CHICAGO — With its triple-A general obligation ratings intact, Missouri will take competitive bids next week on $146 million of special obligation refunding bonds to generate present-value savings and to complete a restructuring aimed at providing budgetary relief in fiscal 2012 and 2013.
The Missouri Board of Public Buildings is the issuer of the current refunding bonds that will sell on Tuesday.
The refunding will generate roughly 12% in net present-value savings, according to Stacy Neal, director of accounting in the state’s Office of Administration. “Because interest rates are volatile that number is moving around a little,” she said Wednesday.
The bonds are rated one notch below the state’s top GO marks due to the need for a legislative appropriation.
The issue will also wrap a two-pronged debt restructuring approved by lawmakers that pushes off debt service payments coming due over the next two fiscal years. The restructurings will save $26 million in fiscal 2012 and another $7.5 million in fiscal 2013.
The first restructuring, for $75 million, occurred earlier this year. The fiscal 2012 budget doesn’t authorize any other new borrowing by the state, which is a rare issuer.
“We are very excited about accomplishing the present-value savings and the budgetary relief,” Neal said. “The restructuring is just a small piece” and so the state was not penalized for the one-shot by the rating agencies.
In June, Gov. Jay Nixon signed into law a $23 billion budget after cutting $172 million from the plan approved by lawmakers in order to keep spending in line with expected revenue and to set aside funds for recent weather-related disasters.
Even though Nixon is a Democrat and the Legislature is controlled by Republicans, the state’s spring session generally was smooth. The budget is based on a 4% increase in revenue and holds general fund spending at $7.9 billion. The plan eliminates 863 positions and makes permanent $217 million in spending reductions.
Ahead of the refunding, all three major rating agencies affirmed Missouri’s top ratings on $500 million of outstanding GO debt, with ratings one notch lower on $790 million of appropriation and special obligation bonds.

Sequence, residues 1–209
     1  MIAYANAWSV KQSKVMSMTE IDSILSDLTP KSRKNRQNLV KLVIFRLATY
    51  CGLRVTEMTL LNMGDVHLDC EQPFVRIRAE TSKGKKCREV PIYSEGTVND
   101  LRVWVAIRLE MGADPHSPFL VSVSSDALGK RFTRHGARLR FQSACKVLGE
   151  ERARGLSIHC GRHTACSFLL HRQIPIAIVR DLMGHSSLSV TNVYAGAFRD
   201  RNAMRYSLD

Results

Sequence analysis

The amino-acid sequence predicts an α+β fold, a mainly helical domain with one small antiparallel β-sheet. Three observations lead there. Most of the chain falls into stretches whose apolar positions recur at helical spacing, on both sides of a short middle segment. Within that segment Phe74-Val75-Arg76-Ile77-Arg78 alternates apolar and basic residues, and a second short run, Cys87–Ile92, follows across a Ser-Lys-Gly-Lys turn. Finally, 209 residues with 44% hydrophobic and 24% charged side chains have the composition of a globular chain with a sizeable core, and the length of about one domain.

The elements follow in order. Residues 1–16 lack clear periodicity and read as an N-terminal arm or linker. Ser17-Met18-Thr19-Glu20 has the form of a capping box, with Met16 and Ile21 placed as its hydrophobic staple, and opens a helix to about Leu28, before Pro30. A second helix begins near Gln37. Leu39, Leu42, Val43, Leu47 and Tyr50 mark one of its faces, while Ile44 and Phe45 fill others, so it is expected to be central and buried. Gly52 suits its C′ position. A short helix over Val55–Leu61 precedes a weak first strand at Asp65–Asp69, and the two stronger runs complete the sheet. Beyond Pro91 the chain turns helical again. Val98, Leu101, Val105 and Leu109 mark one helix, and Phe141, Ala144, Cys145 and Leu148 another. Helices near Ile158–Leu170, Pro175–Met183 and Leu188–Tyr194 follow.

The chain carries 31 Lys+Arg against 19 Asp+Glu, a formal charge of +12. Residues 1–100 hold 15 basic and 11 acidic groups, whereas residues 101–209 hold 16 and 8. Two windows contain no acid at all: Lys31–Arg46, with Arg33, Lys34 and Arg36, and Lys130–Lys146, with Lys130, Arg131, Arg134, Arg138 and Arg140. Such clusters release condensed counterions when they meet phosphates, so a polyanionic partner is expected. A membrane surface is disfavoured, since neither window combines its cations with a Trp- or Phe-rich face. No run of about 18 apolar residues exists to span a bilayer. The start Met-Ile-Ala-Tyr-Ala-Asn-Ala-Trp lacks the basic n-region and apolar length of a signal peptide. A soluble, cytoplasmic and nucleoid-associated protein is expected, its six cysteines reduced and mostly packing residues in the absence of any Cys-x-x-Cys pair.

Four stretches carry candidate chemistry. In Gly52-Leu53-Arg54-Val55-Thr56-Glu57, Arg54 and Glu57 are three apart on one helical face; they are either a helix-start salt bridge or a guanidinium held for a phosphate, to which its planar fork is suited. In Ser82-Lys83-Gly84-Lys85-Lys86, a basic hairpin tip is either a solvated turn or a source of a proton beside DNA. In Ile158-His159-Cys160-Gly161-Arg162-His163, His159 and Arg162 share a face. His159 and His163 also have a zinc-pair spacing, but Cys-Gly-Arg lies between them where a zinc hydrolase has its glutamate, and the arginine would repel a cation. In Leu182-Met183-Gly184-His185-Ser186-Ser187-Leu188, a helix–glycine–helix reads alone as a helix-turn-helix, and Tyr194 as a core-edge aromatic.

Another $3.3 billion of outstanding revenue bonds were issued through the state highway commission and backed by various transportation-related fees and taxes.
The rating “reflects conservative financial operations, a debt burden at the lower end of the moderate range, and a broad and diverse economy,” Fitch Ratings analysts wrote. “The state has a long history of maintaining fiscal balance through spending restraint.”
Missouri benefits from a budget reserve that provides liquidity. The account is equal to 7.5% of net general revenue. It currently totals about $500 million.
The state closed out fiscal 2011 with an ending cash balance of $379 million, up from $184 million a year earlier. Another positive is the state’s constitutional ability to withhold spending in response to revenue shortfalls and an adequately funded pension system at 80%.
The state’s annual pension payment meets the annually required contribution level to fully fund the system, and in fiscal 2011 employees were required to begin making a 4% contribution to their retirement funds.
Missouri also raised the retirement age. The reforms are expected to save $78 million annually by fiscal 2020 and $400 million over the next eight years, according to Moody’s Investors Service.
The state’s unfunded non-pension health care liability was $1.6 billion in fiscal 2010.
It requires an ARC payment of $125 million, but the state in fiscal 2010 paid just $18 million.
“The Missouri economy’s greatest strength is its diversity, in our view, due in part to the state’s location at the geographic center of the nation, which gives it an economic advantage in trade and manufacturing,” according to Standard & Poor’s.
Credit challenges include a limited ability to raise revenue without voter approval because of the Hancock Amendment and economic exposure to a shaky manufacturing sector.
Missouri’s economic recovery is expected to lag the nation even as it turned the corner in fiscal 2011 after two years of revenue declines.
Nixon touted the ratings affirmations in a statement this week as recognition of his stewardship.
“We’ve maintained tight financial discipline, balanced our budget, and laid the groundwork for our economy to keep moving forward,” he said.
The sale comes amid an ongoing special session that began earlier this week on various economic development, tax-credit reform and job creation measures. Savings from the tax-credit reforms would help pay for the job creation package.
Some elected officials had expected the agenda to include a financing package to pay for severe weather-related damage earlier this year, including the May 22 tornado in Joplin, but Nixon said damage assessments were still underway.
While Nixon wants to provide up to $150 million in disaster aid by cutting other spending, some lawmakers are pushing for the state to draw down its reserves.
The Missouri Constitution allows the state to use half of its reserve fund for disasters, though it must be repaid in three years.
Columbia Capital Management is advising the state on the sale and Gilmore & Bell PC is bond counsel.